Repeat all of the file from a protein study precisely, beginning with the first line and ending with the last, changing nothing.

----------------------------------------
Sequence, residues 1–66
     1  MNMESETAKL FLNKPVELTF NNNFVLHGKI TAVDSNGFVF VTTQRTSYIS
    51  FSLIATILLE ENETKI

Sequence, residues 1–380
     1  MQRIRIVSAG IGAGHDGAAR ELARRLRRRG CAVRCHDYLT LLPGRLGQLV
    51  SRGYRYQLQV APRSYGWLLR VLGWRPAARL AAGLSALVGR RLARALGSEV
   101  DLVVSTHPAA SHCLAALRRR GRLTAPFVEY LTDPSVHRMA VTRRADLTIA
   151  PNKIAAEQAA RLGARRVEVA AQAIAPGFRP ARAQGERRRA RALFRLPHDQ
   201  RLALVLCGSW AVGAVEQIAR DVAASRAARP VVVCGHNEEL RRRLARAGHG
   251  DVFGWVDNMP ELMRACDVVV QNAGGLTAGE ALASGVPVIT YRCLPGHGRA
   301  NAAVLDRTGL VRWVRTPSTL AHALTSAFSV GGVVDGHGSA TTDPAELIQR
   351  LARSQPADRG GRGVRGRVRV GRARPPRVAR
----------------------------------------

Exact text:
Sequence, residues 1–66
     1  MNMESETAKL FLNKPVELTF NNNFVLHGKI TAVDSNGFVF VTTQRTSYIS
    51  FSLIATILLE ENETKI

Sequence, residues 1–380
     1  MQRIRIVSAG IGAGHDGAAR ELARRLRRRG CAVRCHDYLT LLPGRLGQLV
    51  SRGYRYQLQV APRSYGWLLR VLGWRPAARL AAGLSALVGR RLARALGSEV
   101  DLVVSTHPAA SHCLAALRRR GRLTAPFVEY LTDPSVHRMA VTRRADLTIA
   151  PNKIAAEQAA RLGARRVEVA AQAIAPGFRP ARAQGERRRA RALFRLPHDQ
   201  RLALVLCGSW AVGAVEQIAR DVAASRAARP VVVCGHNEEL RRRLARAGHG
   251  DVFGWVDNMP ELMRACDVVV QNAGGLTAGE ALASGVPVIT YRCLPGHGRA
   301  NAAVLDRTGL VRWVRTPSTL AHALTSAFSV GGVVDGHGSA TTDPAELIQR
   351  LARSQPADRG GRGVRGRVRV GRARPPRVAR